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    Apr 20, 2012 10:37 PM   in reply to emil emil

    OK, but if you don't start from square one, everyone  rotates in free space. The first post in response to someone who clearly has no clue should be to outline the steps to achieve a trusted system.

     
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    Apr 21, 2012 5:01 AM   in reply to Lundberg02

    I know it is a long thread to read but what you recommend was done in the first reply to the OP by Kurt. I also mentioned that more than once in my replies but the problem we were trying to solve is what the OP asked in post #2. Long story short, the question was why the image in Photoshop doesn't match an image in another software on the same monitor. The possibilities are that the other software does not color manage or it is set to color mange the image differently and that's what we were trying to find out but the OP didn't provide enough information for this.

     
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  • Currently Being Moderated
    Apr 21, 2012 10:10 AM   in reply to Richard_M_1999

    Richard_M_1999, I use an epson pro 9900 printer. I also get strange looking print previews (in the epson window) when using photoshop to manage the color, to be honest as the prints come out spot on so I just use the print preview to check the sizing rather than color because of this. If your problem is that you prints look weird too, then as others have said I suspect you have both photoshop and the printer software trying to manage the color.If you want to use photoshop to manage the color you have to disable the color managent in the printer software, the best candidate for this is "Disable the color profile setting of the application software".

    8498498.JPG

    Or as you have discovered just use the printer to manage the color.

    I guess the point Im trying to make is dont get hung up on what the print preview looks like,its what the print looks like that counts. I spent quite a while going round in circles trying to solve a similar problem that whilst annoying doesnt really matter as long as you are getting decent prints.

     
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    Apr 21, 2012 2:28 PM   in reply to Richard_M_1999

    Can you explain why you don't calibrate your monitor so that you will have a known reference?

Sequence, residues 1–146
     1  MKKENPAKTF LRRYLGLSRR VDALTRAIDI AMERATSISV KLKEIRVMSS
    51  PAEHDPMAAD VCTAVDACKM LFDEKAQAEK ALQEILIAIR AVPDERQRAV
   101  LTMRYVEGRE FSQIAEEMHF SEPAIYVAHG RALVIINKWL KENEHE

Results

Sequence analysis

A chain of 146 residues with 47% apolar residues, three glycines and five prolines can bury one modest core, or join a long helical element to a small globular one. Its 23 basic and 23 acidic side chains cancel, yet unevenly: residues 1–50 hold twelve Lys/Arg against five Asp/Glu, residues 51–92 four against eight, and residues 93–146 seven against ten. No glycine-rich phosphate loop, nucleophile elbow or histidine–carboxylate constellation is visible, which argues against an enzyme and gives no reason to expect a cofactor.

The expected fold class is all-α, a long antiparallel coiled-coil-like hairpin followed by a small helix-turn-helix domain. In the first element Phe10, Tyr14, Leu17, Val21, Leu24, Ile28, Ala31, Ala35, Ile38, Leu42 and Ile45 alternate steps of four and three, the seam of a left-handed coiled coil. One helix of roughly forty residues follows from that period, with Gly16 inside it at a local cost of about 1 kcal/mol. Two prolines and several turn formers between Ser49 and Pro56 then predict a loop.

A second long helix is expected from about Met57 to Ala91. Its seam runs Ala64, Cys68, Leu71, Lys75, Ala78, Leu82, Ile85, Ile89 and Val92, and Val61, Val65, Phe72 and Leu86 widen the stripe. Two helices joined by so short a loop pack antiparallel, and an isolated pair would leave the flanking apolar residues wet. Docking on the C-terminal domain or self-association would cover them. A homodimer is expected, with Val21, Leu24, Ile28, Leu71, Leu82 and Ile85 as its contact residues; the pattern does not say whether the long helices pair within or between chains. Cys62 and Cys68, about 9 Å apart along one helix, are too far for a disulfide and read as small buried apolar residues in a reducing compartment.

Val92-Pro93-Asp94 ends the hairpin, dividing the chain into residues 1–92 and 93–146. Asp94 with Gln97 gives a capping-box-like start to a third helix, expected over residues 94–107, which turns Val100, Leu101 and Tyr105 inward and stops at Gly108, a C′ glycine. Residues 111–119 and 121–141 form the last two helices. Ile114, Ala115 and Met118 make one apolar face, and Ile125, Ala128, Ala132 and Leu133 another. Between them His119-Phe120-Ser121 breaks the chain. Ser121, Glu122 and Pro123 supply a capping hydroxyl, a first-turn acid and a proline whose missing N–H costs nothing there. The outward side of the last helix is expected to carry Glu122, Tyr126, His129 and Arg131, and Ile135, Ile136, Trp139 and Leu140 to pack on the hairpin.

It is unbelievable that you would start and continue this utterly pointless thread without a calbrated display.

     
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  • Currently Being Moderated
    Apr 21, 2012 2:54 PM   in reply to Richard_M_1999

    try downloading a copy of the PDI WHACKED RGB jpeg

     

    in addition to giving you a known good reference file that will help you determine how okay your uncalibrated monitor is (if you have an eye for color balance) — it is in a bizzare color space that will make it obvious if your settings are broken...

     
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  • Currently Being Moderated
    Apr 21, 2012 3:57 PM   in reply to Richard_M_1999

    Richard, please try this, open the image in Photoshop, from the View menu choose Proof Setup and from its submenu choose Monitor RGB. Then open the Print Preview after making sure that  "Photoshop manages colors" is selected and tell if there is a difference between Photoshop and the Print Preview.

    Also try this, first remove the Monitor RGB soft proof by making sure that there is no checkmark in front of Proof Colors from the View Menu and on the title bar of  your document doesn't say Monitor RGB, then from the  Edit menu, choose Assign Profile and try the various different profiles there. Then again after changing to each profile compare how the Print Preview is affected in both conditions when "Photoshop manages colors" and when "Printer manages colors", and please report the result.

     

    From everything reported so far, I guess that the print preview does not show color managed image when "Photoshop manages colors" is selected. It simply sends the color values uncorrected to your monitor which Photoshop will display in the same way if you soft proof with Monitor RGB as I suggested above. In that case the printer preview is not meant to be used reliably because you have chosen to rely on Photoshop. When you select "Printer manages colors" the Printer software most likely converts the color values from the color space of the image as indicated by the color profile to the destination profile in the same way like Photoshop does and displays the print preview with the converted values.

     

    If you report what I asked you to check above then we will know if what I'm guessing is right or wrong.

     

    Regarding how I, and for that mater anyone else, see your images I can assure you that everyone with any monitor calibrated or not  will see that the print preview image is more saturated but if the used monitors are not calibrated this won't help with finding out how everyone actually see the colors. And to repeat one more time, with uncalibrated  monitor without correct color profile successful printing is either a lucky shot or a result of using the printed colors as a reference of what the image in Photoshop represent.